I have always been outraged by stories of sexual and emotional abuse of young women athletes. I remember how vulnerable I was as an adolescent to the power of authority figures such as teachers, bosses, and landlords. The stories of the more than five hundred victims of sexual abuse by the team doctor of the USA Gymnastics organization, Lawrence G. Nassar, revealed in 2017 when eighteen of his victims filed a federal lawsuit raise huge questions about how Nassar was able to continue this abuse for decades without consequences. The answer seems to lie in the culture of Olympic sports that protects abusers of young athletes and encourages a toxic culture of abuse.
Since Nassar’s conviction for sex crimes, other instances of abuse of young Olympic athletes have come to light against coaches who are mentally, physically, and verbally abusive to young female athletes. In a recent article by Juliet Macur in the New York Times, several gymnasts have filed complaints against Mary Wright, a coach who, much to the distress of her victims, was recently named to the USA Gymnastics Hall of Fame. One complainant against Wright, Hailee Hoffman, explains that as a former Stanford gymnast she was subject to years of emotional, physical, and verbal abuse by Wright. Four other gymnasts have since come forward with complaints against Wright that include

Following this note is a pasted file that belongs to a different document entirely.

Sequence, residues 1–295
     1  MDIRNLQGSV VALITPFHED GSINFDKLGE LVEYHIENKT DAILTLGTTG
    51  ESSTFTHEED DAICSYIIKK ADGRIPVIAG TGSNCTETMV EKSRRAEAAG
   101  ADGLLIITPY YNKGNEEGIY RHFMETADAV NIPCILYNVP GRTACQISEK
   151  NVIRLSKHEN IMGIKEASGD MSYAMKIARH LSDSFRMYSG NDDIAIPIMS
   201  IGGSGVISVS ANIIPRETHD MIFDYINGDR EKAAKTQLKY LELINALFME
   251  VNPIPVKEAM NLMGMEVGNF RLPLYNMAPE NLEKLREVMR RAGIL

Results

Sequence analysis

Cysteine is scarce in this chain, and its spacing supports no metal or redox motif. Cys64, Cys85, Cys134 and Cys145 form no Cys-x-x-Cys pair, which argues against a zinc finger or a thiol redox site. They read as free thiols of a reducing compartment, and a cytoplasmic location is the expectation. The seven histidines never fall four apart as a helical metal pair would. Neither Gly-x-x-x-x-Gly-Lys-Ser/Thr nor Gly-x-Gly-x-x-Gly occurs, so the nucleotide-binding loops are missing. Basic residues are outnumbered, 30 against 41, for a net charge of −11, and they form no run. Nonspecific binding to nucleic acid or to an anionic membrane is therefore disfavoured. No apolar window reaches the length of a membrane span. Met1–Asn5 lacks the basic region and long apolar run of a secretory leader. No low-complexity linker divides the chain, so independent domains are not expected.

- Being publicly ridiculed by the coach
- Being called stupid, lazy, and fat
- Being forced to train while injured, including, in one case, with two broken ankles
- Other verbal abuse including berating, threatening, demeaning, and insulting comments
Other coaches have also recently been exposed as abusive, such as Maggie Haney, Sabrina Picou, and Qi Han, all elite coaches of Olympic gymnasts. The philosophy of coaching reflected in these stories of abuse is grounded in the belief that coaches must have absolute power over their athletes and they must scare their young athletes into obedience. Macur cites Morinari Watanabe, the president of the International Gymnastics Federation, as saying this mentality of coaching is “an antiquated and dangerous way of coaching.” In fact, Macur notes that “some mental health experts say the recurring verbal abuse, including berating, ridiculing, threatening, demeaning and insulting, can be as harmful to young people as physical abuse or sexual abuse. It has also been linked to depression.”
Nonetheless, the USA Gymnastics organization and the International Gymnastics Federation continue to be very slow in following up on complaints, taking complaints of abuse seriously, and in changing the culture of coaching. It is unconscionable that young athletes continue to be subjected to this type of treatment. Let us keep our eyes open and support change in the culture of gymnastic sports.
Photo courtesy of William & Mary (CC BY-NC-SA 2.0)